WEATHER IN LINCOLN COUNTY

 

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Weather or Not: Fall’s Final Episode

Tuesday, Dec. 20th – Lincoln County

Summary: It was indeed blustery and wet yesterday. Southerly winds blew most of the day, strongest overnight, reaching the upper-40s; the highest gust in the region was 75 mph on Mary’s Peak in the Coast Range east of Newport. Rainfall amounts were nothing to sneeze at, either, as total precip passed two inches in spots; Waldport had the least, Lincoln City the most. The heaviest rain and highest wind gusts were recorded between 11:00pm and 4:00am. Things had settled down considerably by daybreak with just a few light showers around and winds were down to NW 10-20 mph.

Newport Airport Conditions…
Ceiling: scattered @ 4,800’ & 5,000’
Visibility: 5 miles/Wind: NW 14 mph G21/Altimeter: 30.25”

Past 24 Hours High/Low/Gust/Rain…
Lincoln City: 54F/46F/41mph/2.25”
Depoe Bay: 53F/46F/47mph/2.22”
Newport: 52F/45F/47mph/1.46”
Waldport: 52F/45F/42mph/1.36”
Yachats: 52F/47F/48mph/1.93”

The Flood Watch issued by the National Weather Service remains in effect for portions of Northwest Oregon, including the following areas… Central Coast Range of Western Oregon, Central Oregon Coast, Central Willamette Valley, Coast Range of Northwest Oregon, greater Portland Metro area, lower Columbia, North Oregon Coast and South Willamette Valley. The watch is in effect through 4:00pm this afternoon. Heavy rain overnight combined with snowmelt runoff has resulted in sharp rises on rivers, streams and creeks. Localized urban flooding is also possible this morning. Rivers of most concern at this time are rivers draining the east and west slopes of the Coast Range and Johnson Creek in the Portland Metro area. Landslides and debris flows are possible during this flood event. People, structures and roads located below steep slopes, in canyons and near the mouths of canyons may be at serious risk from rapidly moving landslides.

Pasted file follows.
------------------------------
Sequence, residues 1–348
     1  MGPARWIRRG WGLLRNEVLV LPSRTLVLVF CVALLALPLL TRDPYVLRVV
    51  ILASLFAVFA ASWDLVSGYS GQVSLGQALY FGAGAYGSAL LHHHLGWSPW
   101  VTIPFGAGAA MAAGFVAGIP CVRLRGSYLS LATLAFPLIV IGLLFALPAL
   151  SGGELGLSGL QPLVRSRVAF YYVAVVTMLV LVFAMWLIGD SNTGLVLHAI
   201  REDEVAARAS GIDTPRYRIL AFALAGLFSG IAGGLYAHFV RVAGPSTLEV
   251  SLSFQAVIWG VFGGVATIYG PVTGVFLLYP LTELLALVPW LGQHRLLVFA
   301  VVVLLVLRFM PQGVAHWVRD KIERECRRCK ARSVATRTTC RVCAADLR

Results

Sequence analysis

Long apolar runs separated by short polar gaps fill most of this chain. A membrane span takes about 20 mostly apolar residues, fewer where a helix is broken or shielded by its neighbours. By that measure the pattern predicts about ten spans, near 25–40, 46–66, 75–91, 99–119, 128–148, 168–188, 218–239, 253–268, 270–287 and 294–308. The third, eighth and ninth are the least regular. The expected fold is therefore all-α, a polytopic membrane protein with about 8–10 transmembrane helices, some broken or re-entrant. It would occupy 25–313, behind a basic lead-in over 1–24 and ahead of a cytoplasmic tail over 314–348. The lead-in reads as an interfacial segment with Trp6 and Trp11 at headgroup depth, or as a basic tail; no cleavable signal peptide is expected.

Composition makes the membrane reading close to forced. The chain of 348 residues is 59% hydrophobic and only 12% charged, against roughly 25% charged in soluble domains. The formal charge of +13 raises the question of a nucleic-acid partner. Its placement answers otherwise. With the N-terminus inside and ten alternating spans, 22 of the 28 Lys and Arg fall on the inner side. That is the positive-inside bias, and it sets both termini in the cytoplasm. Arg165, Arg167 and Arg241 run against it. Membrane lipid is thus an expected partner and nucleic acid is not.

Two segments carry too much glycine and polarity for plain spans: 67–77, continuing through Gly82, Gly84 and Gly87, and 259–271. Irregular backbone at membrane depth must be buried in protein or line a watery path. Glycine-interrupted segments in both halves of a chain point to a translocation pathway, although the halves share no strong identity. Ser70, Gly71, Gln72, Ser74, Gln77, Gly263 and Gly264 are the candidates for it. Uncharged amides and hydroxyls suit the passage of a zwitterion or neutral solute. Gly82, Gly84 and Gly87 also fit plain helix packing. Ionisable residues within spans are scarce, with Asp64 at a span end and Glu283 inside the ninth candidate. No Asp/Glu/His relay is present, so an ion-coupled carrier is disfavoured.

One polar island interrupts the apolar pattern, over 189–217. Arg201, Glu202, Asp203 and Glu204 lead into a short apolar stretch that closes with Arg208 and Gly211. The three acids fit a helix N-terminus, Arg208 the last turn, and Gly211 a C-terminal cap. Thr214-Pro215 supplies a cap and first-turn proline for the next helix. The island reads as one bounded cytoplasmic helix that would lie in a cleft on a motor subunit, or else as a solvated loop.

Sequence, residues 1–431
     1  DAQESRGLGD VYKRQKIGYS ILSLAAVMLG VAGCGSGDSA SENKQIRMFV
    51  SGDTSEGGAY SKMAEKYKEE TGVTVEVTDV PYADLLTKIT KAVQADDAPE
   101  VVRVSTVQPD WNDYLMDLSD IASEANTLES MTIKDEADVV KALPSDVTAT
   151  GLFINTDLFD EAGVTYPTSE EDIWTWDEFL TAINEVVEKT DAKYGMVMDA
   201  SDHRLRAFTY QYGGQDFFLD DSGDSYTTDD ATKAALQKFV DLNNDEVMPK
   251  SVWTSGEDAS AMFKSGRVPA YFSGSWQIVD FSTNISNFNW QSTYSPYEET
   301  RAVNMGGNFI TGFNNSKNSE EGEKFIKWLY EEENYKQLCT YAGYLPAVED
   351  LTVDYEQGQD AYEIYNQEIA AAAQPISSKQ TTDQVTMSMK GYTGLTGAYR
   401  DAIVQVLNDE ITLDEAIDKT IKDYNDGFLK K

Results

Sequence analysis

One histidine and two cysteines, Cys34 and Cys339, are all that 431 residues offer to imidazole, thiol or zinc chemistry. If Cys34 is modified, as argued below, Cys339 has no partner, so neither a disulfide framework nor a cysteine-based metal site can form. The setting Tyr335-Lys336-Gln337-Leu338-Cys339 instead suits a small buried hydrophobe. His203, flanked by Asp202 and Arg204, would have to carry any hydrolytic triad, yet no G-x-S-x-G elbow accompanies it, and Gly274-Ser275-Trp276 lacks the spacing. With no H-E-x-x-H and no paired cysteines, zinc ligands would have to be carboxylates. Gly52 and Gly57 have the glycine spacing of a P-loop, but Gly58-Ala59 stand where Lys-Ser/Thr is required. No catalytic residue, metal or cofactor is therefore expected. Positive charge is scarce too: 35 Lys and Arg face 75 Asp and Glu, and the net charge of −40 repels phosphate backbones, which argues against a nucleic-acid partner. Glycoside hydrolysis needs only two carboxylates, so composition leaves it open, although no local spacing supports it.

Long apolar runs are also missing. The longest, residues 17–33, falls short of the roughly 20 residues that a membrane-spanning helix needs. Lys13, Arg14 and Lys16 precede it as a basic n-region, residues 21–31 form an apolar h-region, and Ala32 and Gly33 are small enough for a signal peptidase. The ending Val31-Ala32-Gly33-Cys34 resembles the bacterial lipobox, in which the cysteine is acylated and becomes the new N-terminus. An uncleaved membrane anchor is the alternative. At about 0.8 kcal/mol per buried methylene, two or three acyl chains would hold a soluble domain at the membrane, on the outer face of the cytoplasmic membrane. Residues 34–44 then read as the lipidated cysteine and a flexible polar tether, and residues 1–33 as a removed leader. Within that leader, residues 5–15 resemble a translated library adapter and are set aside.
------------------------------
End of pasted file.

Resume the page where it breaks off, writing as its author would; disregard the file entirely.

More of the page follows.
A Flood Watch means there is a potential for flooding based on current forecasts. You should monitor later forecasts and be alert for possible flood warnings. Those living in areas prone to flooding should be prepared to take action should flooding develop.

wxon-twitterBe sure to follow Weather or Not’s Twitter feed to keep current on these very wet and potentially damaging conditions. Get updated travel info and notification of any new advisories, watches or warnings; follow @chrisburnswx.

Forecast: Today will be like one of those flashback episodes on TV with snapshots of everything we’ve seen during the season. For this final day of Autumn, rain early, then showers, sunbreaks, moderate breezes and the thermometer peaking at 45-50F, coolest later in the day. Tonight, patchy fog, otherwise mostly clear, lows of 35-40F. We’re still looking for sunshine tomorrow after some fog in the morning, light wind and a high about 50F. Outlook is for rain Thursday, showers likely Friday, a chance of showers on Saturday. Highs 45F and lows near 35F.

Christmas Eve/Day… Showers/partial clearing, low 30-35F, high 45F.

Today’s North Pole Conditions… -12F, partly cloudy, calm.

Travel: In the Coast Range, there’s wet pavement and 45F in the passes, a landslide is partially blocking Highway 34 about 9 miles east of Alsea with short delays possible; rain ending, showers and partial clearing today, highs 45-50F. Willamette Valley destinations are expecting rain turning to showers, highs 40-50F. The Columbia River Gorge forecast calls for heavy rain early, showers later, west winds gusting 25 mph, high 40-45F. For the Cascades, highways are slushy and wet with the snowpack breaking up this morning, temps 35-40F; rain turning to showers, with the snow level decreasing from 6,000 to 3,500 feet this afternoon but no new snow is predicted. * Motorists should always visit ODOT’s TripCheck before hitting the road.

Marine: Seas are 13-14 feet at 9 seconds this morning with WNW winds 15-20 knots. A Small Craft Advisory for winds is in effect until noon today. A Small Craft Advisory for hazardous seas remains in effect through tomorrow morning. NW winds 20-25 knots gusting 30 easing to 10-15 knots by this afternoon, swells 18 feet at 15 seconds. Tonight, a NW breeze 5-10 knots gusting 15 veering to E after midnight with swells 17 feet at 15 seconds. E winds 5-10 knots tomorrow, swells subsiding to 14 feet. Outlook is for SW winds 15-20 knots Thursday, NW winds 15-20 knots Friday, and N winds 15-20 knots on Saturday; swells 10-12 feet throughout the extended period. * Make sure you check the latest Bar Reports before venturing offshore.

On the Beach… Showers, sunbreaks, breezy, surf 12-15 feet (moderate).
* For a safe and enjoyable time on the Central Coast, the Oregon Parks & Recreation Department offers these Beach Safety Tips.
* Tides
12/20 Tue 11:26 AM 3.21 L
12/20 Tue 05:07 PM 6.70 H
12/20 Tue 11:20 PM 1.68 L
12/21 Wed 06:13 AM 8.06 H

In Short: Showers, partial clearing, then unsettled.

 

 

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